But what the villagers did not know was how to talk about their experience. Ethicists have marveled at the villagers’ inability to explain what they did and why. If anything the people of Le Chambon were surprised at the surprise of others. “People were in trouble. They needed our help. What could we do but open the door?” For Magda Trocmé, André’s wife, the obligations of hospitality extended even, perhaps especially, to the villagers’ enemies. Once, when the Vichy regime’s policemen came to arrest her husband, she fed them. “It was dinnertime; they were standing in my way, we were all hungry,” she said. “It was the most natural thing in the world.”
Like any good pastor, Trocmé loved his church. His obvious care for his parishioners, made manifest in extensive pastoral visits, built a deep trust among the villagers. His visits laid the foundation for the house-to-house communication networks that were crucial to hiding Jewish refugees during the war.
Extraordinarily warm and available to his parishioners, Trocmé opened his doors to them at any hour, and they in turn opened their doors to him. More importantly he showed that same warmth to those he helped, often convincing them that they were, in fact, helping him.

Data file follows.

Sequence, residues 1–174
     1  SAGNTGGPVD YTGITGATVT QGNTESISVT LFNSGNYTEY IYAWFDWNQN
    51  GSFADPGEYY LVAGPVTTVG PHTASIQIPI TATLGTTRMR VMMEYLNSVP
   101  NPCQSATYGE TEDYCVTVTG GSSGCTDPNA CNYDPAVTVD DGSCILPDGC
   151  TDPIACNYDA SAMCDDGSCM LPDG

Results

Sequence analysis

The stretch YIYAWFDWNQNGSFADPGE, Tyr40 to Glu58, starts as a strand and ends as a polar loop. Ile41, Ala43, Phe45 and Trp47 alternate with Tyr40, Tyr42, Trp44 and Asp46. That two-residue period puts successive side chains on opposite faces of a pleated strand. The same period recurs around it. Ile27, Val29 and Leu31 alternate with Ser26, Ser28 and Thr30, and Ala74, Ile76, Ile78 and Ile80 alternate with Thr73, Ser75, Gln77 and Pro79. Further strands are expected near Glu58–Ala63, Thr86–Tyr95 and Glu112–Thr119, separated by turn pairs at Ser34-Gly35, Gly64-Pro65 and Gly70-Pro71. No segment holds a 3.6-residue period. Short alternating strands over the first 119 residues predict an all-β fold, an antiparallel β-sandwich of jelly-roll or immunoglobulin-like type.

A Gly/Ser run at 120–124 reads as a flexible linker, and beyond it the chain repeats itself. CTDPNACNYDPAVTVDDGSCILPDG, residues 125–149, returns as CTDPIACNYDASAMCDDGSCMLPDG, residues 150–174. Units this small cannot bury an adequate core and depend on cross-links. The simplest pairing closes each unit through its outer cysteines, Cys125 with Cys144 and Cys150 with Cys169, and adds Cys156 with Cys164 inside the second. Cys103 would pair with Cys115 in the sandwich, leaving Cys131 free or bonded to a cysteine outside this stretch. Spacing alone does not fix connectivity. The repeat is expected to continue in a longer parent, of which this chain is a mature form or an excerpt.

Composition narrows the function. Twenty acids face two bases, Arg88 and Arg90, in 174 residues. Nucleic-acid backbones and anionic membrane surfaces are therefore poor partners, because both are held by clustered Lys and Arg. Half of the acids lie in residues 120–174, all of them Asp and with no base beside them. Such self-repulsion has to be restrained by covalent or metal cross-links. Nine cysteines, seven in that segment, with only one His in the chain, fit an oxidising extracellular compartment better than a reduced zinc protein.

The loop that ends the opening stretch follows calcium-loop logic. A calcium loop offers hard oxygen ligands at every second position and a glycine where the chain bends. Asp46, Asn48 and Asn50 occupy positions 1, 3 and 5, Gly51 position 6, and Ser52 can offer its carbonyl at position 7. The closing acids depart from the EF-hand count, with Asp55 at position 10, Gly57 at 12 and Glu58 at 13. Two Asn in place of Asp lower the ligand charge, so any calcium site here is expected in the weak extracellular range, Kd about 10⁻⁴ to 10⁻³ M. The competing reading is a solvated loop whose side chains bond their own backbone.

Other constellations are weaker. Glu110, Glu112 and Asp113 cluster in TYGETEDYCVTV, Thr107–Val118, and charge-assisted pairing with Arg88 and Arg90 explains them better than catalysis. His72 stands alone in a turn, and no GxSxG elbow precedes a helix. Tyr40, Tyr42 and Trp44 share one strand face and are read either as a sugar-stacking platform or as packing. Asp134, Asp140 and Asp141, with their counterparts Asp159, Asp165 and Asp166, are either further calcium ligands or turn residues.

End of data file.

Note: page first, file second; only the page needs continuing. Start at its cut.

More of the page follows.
He also expressed his love for his church through his leadership of worship. He preached that the church should always be about “small acts against destruction.” Long before the war, he insisted on peacefulness; once the emergency is upon you, it is too late. As one villager later recalled, “Nonviolence involves preparation and organization.” After the war broke out and France was overrun, Trocmé saw that his sermons had been heeded, as Jews from across Europe poured into the village. They were never turned away.
This accumulation of small, decent acts is remarkably similar to Mandela’s maturation as a leader. As a young man, Mandela was a boxer and a revolutionary. But during his imprisonment on Robben Island he learned how to defeat his enemies not by violence, but by folding them into a greater project: a racially reconciled South Africa.
How Mandela did that was remarkably simple, according to John Carlin’s “Playing the Enemy,” the book on which the recent movie “Invictus” was based: He embraced rugby.
It was not a natural or easy embrace. Rugby had long been the favorite sport of the most racist Afrikaners. Racist banners, flags, anthems and chants filled the stadiums. Black South Africans naturally cheered against their own “national” team. But when he was in prison, Mandela discovered he could make a connection with his Afrikaner jailers when he engaged them about the sport. The more he warmed up to their game the more they warmed up to him.